The villagers witnessed frequent fist-to-fist combat, bickering and all sorts of commotion amongst these obviously neglected wives. He had very poor relationships with his offsprings, who also didn’t get on with one another. It was not a cohesive community of wives but a man-made dysfunctional oversized family. The fact that Urdu was absent for long periods of time meant that he was unable to control things, and this allowed the tension in his household to reach feverish heights.
He travelled on foot and crisscrossed the whole region effortlessly, taking several days to reach his destination, obviously due to his mode of travelling. His only option was to get there on foot; vehicles were so scarce. He was to visit a faraway town called Okpu.

The news spread like wildfire and everyone prepared for the big occasion, excitement was in the air, at the same time they began to get worked up about the special visitor. There was a touch of nervousness among some of the town dwellers that they themselves could not comprehend. He was regarded as the best prophet in the whole region and no one had yet been able to compete with him. He was revered and yet hated at the same time. His name sent shivers down people’s spines.
Preparation for his forthcoming visit went on for about a month, in eager anticipation of his arrival. On the day that he was due to arrive in the town, people woke early and they drifted down to the town square where the reception for Urdu was to take place. The crowd continued to build up and by midday, it had peaked. The square was now a sea of people.
There were women with their children, farmers, and various dance groups, dancing to the beating of drums and various contraptions. Titled men in their easily identifiable special costumes were allocated a seating position that befitted them.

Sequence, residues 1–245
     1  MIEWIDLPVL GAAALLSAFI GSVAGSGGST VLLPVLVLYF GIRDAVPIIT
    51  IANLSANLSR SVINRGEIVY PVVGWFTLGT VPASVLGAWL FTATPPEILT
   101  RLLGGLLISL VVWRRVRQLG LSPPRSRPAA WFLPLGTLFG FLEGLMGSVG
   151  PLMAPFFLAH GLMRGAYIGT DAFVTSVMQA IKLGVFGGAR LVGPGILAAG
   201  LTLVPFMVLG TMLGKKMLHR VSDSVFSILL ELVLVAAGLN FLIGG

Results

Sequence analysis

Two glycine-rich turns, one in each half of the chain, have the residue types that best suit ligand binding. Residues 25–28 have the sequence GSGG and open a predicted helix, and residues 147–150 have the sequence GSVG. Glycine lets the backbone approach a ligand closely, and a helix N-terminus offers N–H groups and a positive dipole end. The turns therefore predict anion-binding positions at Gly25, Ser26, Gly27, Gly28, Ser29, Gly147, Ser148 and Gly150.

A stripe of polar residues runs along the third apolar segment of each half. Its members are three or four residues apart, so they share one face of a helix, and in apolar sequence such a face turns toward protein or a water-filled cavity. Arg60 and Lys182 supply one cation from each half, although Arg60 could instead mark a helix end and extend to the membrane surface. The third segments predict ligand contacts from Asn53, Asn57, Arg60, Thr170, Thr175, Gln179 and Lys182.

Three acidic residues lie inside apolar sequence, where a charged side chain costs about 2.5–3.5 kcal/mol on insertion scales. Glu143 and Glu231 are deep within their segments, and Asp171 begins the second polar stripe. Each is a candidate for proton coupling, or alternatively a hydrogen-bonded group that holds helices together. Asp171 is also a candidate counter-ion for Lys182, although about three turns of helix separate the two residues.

Suddenly, the music and dancing quickened to indicate the arrival and the grand entrance of Urdu, his son, Nwadibia and the rest of his entourage. All eyes were on this famous man. The crowd looked at him in awe. The people who’d gathered wondered how this small man could command this degree of respect. With all eyes on him, he soaked up the moment while Nwadibia towered over him. He eventually sat down amidst the elders to watch the various dance groups displaying their various dancing skills to the applause of the large crowd of town dwellers gathered under the burning tropical sun, intensified by a clear, cloudless sky.
The dancers came out in turn until a popular dancing troupe made their presence felt at the time allocated to them. Their effortless movements and heart-stopping singing thrilled everyone. The lead singer who was lined up in front was the sole attraction, loved and admired by the crowd. She was tall and blessed with exquisite beauty, dancing flawlessly with amazing grace. Her movement was fluid and very enchanting to watch. She moved in a well-choreographed rhythm but rather timidly towards Urdu, as a form of salutation and veneration. She got closer and closer and she bowed her head as a form of respect, but unknown to her or to anyone else this final move had sealed her fate.
Urdu gestured to his fearless son, Nwadibia, who suddenly stood up, and grabbed her with his huge hands. He pulled her down with such force that she ended up sitting next to Urdu. The people were stunned at what had just taken place, but they were unable to figure out the best course of action. They quickly succumbed to Urdu’s charm. The dancers scattered and the crowd, not knowing what to make of what had just happened, moved in all directions in a confused state of mind. Urdu soon realised that his familiar method of picking a new wife in each town or village that he visited would be overshadowed by this latest move for the mesmerising dancer he had grabbed was the wife of a well-respected resident in the town where they visited.